Most of the other spec measurements are different, but that could be attributable to the use of different stem, handlebars, and tires, although the both use 650B wheels, the tire dimensions are different. Essentially it looks to me that one should be able to covert a Vado into a Tero simply by swapping out for more aggressive knobby tires and stripping off the racks and fenders. And go in the other direction in reverse by putting rack, fenders, and smooth tires on the Tero. The main difference seems to be the different forks, the Tero has a longer one with more travel so that subtly affects some of the other measurements.
Appears there are slight differences in the frame geometry but that gets washed out after people install suspension posts & stems, new handlebars, different tires etc etc. not to mention adjusting the seat and handlebars. The Vado also has a guard to keep long skirts from getting entangled in the chain, that’s why it’s so popular with both men and women alike in Poland.
 

Stefan Mikes

Well-Known Member
Region
Europe
City
Brwinów (PL)
The Vado also has a guard to keep long skirts from getting entangled in the chain
Probably your Vado and your kimonos... :D

1633938950479.png
1633938989718.png


Appears there are slight differences in the frame geometry
Designing a bike geometry is an art. It is know-how mastered by companies who have been in the market for a very long time and become market leaders. It is actually quite funny to read about "slight differences"...
 
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ava1ar

Active Member
Region
USA
City
Leonia, NJ
It is actually quite funny to read about "slight differences"...
Well, take a look at picture made by @mschwett and explain where do you see significant difference between 2 frames there? Most measurement you list are depending on the components installed (like heastube angle) and not really frame specific - they take this measurements after the bike is fully assembled. Take everything off the Tero and put to the Vado frame and you will see most numbers didn't change at all.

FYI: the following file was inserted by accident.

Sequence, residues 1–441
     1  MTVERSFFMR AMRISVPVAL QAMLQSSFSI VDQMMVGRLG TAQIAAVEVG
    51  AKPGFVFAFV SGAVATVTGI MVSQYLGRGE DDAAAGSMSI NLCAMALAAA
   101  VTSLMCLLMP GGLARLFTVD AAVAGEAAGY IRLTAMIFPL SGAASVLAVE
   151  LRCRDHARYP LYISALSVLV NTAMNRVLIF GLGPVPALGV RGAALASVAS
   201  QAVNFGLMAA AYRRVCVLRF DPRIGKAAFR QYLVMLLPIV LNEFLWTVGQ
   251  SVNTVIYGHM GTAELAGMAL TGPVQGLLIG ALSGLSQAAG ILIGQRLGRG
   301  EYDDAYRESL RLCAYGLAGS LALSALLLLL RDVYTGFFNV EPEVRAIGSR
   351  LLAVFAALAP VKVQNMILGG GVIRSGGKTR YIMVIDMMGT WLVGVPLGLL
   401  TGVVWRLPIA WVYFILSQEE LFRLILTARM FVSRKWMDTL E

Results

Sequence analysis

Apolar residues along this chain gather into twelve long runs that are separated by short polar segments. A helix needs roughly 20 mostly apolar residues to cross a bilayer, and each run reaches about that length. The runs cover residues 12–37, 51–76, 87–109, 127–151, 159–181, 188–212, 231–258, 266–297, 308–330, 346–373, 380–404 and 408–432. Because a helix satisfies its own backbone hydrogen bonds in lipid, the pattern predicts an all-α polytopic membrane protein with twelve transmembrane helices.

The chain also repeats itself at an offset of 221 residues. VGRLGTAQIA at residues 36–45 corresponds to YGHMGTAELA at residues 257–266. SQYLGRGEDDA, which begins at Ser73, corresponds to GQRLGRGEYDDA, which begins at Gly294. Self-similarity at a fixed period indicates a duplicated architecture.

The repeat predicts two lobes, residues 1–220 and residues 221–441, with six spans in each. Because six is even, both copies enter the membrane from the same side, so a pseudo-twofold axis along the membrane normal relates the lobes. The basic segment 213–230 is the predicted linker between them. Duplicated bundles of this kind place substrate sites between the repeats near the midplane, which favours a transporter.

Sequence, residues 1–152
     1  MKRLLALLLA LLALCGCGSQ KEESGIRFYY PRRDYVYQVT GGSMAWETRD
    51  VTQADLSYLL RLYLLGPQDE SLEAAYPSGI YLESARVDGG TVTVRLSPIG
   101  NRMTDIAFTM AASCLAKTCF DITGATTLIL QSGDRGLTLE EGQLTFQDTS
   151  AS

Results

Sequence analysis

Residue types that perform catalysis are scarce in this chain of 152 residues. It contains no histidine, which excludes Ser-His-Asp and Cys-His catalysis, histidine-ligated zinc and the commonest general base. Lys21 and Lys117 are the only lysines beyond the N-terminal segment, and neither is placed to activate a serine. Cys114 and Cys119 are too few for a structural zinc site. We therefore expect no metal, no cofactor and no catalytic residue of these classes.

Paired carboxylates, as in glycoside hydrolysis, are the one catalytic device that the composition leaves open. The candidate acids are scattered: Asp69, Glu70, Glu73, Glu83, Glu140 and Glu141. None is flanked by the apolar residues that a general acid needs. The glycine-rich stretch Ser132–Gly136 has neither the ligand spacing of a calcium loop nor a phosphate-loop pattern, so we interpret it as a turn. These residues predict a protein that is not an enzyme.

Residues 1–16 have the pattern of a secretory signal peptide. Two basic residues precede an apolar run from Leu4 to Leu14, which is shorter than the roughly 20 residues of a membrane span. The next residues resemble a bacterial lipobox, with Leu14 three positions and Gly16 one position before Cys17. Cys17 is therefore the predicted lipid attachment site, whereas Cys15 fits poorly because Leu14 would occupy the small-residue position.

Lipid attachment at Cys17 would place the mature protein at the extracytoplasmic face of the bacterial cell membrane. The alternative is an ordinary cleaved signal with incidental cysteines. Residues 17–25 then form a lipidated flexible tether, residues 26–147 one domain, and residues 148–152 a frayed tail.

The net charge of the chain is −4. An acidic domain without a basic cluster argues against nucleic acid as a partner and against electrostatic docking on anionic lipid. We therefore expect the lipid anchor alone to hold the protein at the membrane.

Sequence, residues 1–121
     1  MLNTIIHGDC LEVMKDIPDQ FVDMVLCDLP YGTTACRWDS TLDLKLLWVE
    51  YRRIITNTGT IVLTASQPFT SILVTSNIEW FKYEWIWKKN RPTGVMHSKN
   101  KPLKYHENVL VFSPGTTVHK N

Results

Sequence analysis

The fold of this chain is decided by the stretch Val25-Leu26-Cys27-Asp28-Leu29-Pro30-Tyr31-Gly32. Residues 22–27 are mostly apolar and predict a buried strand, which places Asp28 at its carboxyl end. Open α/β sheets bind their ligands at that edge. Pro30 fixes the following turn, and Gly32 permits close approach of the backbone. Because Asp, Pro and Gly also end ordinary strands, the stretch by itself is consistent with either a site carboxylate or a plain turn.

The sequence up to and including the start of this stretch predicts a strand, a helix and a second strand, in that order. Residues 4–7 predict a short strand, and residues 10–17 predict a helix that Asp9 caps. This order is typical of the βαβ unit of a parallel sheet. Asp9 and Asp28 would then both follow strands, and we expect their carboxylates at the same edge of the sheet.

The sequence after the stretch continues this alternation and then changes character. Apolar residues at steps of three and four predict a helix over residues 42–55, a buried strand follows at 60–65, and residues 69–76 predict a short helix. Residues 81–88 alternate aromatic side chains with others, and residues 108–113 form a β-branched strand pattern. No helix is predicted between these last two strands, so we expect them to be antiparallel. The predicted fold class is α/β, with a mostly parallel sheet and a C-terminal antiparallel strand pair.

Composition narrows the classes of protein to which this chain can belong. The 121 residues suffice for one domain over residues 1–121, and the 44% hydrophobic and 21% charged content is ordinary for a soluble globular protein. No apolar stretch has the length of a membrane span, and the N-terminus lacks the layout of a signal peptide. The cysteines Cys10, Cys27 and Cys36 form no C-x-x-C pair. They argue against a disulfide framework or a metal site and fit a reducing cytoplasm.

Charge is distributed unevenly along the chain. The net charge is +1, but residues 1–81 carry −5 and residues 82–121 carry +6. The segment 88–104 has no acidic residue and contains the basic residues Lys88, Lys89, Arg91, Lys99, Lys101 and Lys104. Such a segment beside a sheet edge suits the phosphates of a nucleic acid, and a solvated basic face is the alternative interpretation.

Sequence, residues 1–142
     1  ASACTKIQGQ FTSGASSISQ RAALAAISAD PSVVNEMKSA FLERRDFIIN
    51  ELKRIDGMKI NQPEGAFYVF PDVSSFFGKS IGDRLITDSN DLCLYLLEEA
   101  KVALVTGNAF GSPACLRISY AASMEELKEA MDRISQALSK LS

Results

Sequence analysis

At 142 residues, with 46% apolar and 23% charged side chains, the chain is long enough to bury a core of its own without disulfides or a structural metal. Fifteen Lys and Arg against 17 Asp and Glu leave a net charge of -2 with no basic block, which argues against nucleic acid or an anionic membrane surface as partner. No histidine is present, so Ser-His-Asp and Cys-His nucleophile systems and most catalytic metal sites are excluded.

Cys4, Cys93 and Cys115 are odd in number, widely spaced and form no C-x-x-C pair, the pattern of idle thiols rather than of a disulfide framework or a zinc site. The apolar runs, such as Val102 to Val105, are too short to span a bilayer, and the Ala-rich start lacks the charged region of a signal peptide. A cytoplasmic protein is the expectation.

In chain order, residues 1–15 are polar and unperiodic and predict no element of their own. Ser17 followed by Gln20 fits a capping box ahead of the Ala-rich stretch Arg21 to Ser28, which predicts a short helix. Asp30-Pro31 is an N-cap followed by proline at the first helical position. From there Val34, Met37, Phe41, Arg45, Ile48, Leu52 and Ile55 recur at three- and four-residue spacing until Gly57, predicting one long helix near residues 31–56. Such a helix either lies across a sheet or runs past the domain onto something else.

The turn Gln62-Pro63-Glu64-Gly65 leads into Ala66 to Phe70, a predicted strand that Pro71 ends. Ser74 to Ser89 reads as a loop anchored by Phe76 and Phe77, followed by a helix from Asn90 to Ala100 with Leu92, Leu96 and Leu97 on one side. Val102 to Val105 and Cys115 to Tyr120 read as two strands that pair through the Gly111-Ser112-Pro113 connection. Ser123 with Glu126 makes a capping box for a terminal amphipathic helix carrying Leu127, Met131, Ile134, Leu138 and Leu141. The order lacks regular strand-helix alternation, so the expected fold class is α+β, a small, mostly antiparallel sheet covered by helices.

Stefan Mikes

Well-Known Member
Region
Europe
City
Brwinów (PL)
Most measurement you list are depending on the components installed (like heastube angle) and not really frame specific - they take this measurements after the bike is fully assembled.
Incorrect. Frame geometry is frame geometry. Same related to the frameset (frame + fork).
 

ava1ar

Active Member
Region
USA
City
Leonia, NJ
Incorrect. Frame geometry is frame geometry.
Again, please take a look at the two framers overlay picture above and explain where is the difference?

I don't know where do you take this, but bike geometry and frame geometry are different things. Frame measurements are fixed, unlike bike which depend on the components installed.

Right now I believe my eyes more than your words and see these frames are 99% identical.
 

ava1ar

Active Member
Region
USA
City
Leonia, NJ